Fashion fans may also feel off about another blank space from the film. It abruptly ends after McQueen’s 2010 death, with virtually no mention of the ongoing legacy of his namesake label or his successor, Sarah Burton. While plenty of McQueen’s close collaborators were interviewed and appear in the film, Burton is mentioned only once and is never interviewed.
 
But Bonhôte and Ettedgui explain that Burton’s absence was intentional. The film is meant to focus on the man behind the brand, not the brand itself.
 
“Had there been a very open channel or communication or co-operation between the brand and us, I think we would’ve probably wound up making a brand film, which was not what we wanted to make,” Ettedgui notes.
 
For the record, the brand has continued to thrive under Burton’s direction. In 2011, she famously designed Kate Middleton’s royal wedding dress. That same year, people lined up for hours to see Alexander McQueen: Savage Beauty, a retrospective of his work at the Metropolitan Museum of Art in New York City. The elaborate retrospective attracted more than 650,000 visitors (one of the most-visited shows in the Met’s history) and included more than 100 ensembles and 70 accessories from McQueen’s 19-year career, starting with selections from his 1992 MA Graduation collection “Jack the Ripper Stalks His Victims,” and ending with pieces from his partially completed Fall/Winter 2010-11 “Angels And Demons” collection. As the label’s creative director, Burton was subjected to merciless and unnerving scrutiny but managed to take the label to new, albeit softer, heights away from its dark past.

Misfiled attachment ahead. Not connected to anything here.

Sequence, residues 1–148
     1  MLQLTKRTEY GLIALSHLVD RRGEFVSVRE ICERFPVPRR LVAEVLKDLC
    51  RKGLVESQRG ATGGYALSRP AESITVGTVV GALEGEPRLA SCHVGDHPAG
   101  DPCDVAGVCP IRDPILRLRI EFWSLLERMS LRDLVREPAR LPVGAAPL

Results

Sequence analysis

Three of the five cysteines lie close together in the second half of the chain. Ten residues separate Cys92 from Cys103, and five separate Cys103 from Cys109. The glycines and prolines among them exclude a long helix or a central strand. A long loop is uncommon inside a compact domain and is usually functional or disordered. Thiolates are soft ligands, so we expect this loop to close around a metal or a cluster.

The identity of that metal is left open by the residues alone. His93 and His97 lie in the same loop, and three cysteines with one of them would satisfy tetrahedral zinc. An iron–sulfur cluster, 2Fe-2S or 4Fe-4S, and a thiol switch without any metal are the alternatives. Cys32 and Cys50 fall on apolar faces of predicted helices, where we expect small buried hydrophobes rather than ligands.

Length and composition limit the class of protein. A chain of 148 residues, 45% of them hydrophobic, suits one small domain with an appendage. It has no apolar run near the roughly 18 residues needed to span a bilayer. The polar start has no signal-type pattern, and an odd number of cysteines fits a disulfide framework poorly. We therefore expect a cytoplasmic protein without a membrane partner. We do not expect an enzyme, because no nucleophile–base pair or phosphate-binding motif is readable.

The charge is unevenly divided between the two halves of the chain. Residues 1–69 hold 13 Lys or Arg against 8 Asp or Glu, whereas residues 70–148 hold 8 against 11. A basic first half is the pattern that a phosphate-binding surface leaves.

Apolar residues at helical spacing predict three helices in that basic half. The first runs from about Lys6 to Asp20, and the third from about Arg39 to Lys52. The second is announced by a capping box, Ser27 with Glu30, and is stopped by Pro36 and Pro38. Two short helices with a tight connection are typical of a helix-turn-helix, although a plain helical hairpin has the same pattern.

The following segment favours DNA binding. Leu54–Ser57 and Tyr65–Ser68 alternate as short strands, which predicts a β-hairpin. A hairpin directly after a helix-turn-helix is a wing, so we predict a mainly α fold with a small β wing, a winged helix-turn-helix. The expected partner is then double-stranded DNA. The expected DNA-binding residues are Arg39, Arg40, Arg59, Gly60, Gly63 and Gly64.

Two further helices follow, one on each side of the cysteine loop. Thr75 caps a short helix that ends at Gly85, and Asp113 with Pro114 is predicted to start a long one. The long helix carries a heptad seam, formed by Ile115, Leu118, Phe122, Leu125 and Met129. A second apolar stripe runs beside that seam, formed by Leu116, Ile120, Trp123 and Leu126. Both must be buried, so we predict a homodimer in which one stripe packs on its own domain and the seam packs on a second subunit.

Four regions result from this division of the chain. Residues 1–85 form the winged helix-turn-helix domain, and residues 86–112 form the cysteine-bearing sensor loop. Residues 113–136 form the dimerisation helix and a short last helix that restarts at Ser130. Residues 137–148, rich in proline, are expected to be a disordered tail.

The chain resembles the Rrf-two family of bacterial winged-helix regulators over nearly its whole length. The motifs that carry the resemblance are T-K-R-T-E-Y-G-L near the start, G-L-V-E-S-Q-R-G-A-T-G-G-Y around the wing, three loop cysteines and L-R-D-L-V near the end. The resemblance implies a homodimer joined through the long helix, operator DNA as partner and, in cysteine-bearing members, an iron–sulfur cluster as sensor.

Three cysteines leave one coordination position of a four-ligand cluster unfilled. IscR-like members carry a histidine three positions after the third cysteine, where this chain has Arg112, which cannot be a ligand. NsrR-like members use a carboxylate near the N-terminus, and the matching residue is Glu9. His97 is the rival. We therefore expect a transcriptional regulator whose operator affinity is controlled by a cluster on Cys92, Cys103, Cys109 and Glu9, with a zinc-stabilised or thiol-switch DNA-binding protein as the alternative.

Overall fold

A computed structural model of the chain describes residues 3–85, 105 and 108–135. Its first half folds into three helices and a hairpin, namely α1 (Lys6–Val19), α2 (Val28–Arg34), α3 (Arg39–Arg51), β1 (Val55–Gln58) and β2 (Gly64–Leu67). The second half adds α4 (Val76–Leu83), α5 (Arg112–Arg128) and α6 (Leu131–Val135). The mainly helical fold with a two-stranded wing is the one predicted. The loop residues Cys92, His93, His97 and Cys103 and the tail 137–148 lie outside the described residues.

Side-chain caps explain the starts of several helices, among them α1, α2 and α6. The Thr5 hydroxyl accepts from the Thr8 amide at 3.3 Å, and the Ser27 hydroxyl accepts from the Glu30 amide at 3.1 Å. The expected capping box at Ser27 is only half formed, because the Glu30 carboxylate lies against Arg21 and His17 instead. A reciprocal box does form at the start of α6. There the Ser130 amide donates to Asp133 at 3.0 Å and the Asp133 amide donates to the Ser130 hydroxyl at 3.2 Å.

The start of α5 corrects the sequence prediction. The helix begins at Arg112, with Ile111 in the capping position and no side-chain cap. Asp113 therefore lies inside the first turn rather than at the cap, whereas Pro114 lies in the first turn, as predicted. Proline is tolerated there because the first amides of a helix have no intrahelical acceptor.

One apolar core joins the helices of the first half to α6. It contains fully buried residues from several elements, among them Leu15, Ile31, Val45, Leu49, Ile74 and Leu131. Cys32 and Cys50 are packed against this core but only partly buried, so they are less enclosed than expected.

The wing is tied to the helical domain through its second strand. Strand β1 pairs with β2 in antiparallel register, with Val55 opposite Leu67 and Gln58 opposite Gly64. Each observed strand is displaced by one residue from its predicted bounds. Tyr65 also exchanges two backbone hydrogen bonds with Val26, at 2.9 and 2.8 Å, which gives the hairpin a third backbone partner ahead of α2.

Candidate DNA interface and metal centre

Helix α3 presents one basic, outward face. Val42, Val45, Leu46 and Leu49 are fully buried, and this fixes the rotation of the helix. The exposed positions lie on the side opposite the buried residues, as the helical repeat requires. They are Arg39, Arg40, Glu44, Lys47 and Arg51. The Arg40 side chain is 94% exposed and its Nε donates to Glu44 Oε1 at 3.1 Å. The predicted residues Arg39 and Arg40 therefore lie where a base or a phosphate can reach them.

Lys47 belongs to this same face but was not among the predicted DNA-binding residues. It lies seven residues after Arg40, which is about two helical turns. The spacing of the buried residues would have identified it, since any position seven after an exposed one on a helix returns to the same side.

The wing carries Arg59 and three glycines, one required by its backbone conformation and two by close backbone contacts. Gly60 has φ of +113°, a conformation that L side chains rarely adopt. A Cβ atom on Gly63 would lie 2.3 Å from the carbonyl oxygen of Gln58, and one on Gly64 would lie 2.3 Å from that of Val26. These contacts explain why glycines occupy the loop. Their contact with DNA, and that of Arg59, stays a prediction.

In the years since McQueen’s untimely death, there have been countless TV documentaries, exhibitions, a play by British playwright James Phillips (which was unveiled at the St. James Theatre in London in 2015) and half a dozen books bearing his name, all attempting to reveal an intimate portrait of the man and his work. While McQueen doesn’t reveal a full portrait, it does captivate like none of the projects before it.
 
We may never get to fully know the real McQueen, which is probably what haunts us. And that’s the way the designer would have wanted it.
 
McQueen hits theatres across the country on July 20, 2018.
 

 
CHRISTOPHER TURNER acted as guest editor for this issue of IN magazine. He is a Toronto-based writer, editor and lifelong fashionisto with a passion for pop culture and sneakers. Follow him on social media at @Turnstylin.